Food webs can be characterized by use of markers. These are increasingly used in food web studies since they are the only tool that can be used to infer relations through multiple trophic levels. Such a marker is a characteristic of an organism that can be objectively measured and evaluated as an indicator of normal biologic processes. These include fatty acids, stable isotopes, and molecular markers such as immunological markers and DNA markers. This report presents the results of a literature survey on these marker techniques, their use in describing marine and estuarine food webs, and an evaluation of their usefulness for the model OMEGA. Stable isotope analysis is advised as the best method to characterize food webs by means of trophic position and carbon source. Fatty acids can be used to differentiate within trophic groups, especially within the group of primary producers.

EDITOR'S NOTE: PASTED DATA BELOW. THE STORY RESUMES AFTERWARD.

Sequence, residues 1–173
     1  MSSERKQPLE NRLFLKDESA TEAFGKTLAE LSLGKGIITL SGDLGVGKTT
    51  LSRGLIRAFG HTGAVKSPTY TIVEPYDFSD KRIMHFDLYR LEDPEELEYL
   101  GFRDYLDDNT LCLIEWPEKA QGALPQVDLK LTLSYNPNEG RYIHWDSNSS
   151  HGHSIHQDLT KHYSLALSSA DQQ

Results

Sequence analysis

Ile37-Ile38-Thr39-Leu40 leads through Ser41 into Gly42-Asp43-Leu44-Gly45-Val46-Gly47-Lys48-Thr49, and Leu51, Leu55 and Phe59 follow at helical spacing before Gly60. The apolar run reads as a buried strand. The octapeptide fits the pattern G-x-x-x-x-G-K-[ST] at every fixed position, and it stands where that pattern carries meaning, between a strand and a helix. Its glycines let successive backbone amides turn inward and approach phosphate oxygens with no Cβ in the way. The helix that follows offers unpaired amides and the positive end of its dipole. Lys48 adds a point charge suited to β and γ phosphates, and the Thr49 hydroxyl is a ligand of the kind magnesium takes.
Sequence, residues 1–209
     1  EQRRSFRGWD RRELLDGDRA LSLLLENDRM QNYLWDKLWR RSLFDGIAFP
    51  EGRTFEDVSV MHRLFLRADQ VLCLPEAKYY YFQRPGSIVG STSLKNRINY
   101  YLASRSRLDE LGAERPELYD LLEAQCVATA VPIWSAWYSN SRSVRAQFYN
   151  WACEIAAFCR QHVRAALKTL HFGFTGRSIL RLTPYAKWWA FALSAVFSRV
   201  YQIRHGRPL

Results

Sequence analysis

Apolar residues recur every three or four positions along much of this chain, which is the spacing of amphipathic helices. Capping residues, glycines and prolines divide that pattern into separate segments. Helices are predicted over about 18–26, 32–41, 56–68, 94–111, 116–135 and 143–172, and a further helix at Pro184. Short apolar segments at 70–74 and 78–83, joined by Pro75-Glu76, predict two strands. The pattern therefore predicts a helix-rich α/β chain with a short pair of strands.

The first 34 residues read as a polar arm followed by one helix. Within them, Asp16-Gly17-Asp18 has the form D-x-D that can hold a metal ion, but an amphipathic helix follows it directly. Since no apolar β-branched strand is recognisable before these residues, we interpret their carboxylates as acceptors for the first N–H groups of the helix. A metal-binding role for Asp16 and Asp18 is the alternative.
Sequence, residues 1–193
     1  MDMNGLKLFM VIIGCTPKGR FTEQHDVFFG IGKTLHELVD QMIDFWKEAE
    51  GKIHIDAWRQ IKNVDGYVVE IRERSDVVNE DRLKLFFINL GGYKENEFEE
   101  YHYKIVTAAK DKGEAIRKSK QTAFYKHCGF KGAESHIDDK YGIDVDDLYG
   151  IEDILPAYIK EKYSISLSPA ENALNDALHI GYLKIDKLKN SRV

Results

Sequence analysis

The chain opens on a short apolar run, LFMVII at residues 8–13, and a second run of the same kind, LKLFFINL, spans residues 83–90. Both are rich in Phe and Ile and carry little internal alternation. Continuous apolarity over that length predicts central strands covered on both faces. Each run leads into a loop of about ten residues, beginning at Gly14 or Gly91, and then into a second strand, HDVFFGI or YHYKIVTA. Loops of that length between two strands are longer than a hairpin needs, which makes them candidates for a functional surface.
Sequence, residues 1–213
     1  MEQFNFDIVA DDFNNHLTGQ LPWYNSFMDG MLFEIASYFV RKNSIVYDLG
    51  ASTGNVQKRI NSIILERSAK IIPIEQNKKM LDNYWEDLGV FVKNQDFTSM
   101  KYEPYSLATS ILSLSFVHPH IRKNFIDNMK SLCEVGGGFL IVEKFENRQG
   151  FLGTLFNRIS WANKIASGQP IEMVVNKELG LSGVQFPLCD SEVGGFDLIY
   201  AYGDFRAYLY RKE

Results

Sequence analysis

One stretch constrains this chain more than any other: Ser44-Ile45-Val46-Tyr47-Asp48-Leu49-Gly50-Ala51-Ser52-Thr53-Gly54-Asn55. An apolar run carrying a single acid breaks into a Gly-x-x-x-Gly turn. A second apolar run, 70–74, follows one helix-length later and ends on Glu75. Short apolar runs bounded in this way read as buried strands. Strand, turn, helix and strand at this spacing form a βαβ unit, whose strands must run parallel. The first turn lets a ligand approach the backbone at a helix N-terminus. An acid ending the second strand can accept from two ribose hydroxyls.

|Place of Publication||Wageningen|
|Number of pages||55|
|Publication status||Published - 2006|
- food webs
- marine environment
de Lange, H. J., & van den Brink, N. W. (2006). Literature review of available techniques to characterize marine and estuarine food webs; with emphasis for application in the model OMEGA. (Alterra-rapport; No. 1372). Wageningen: Alterra.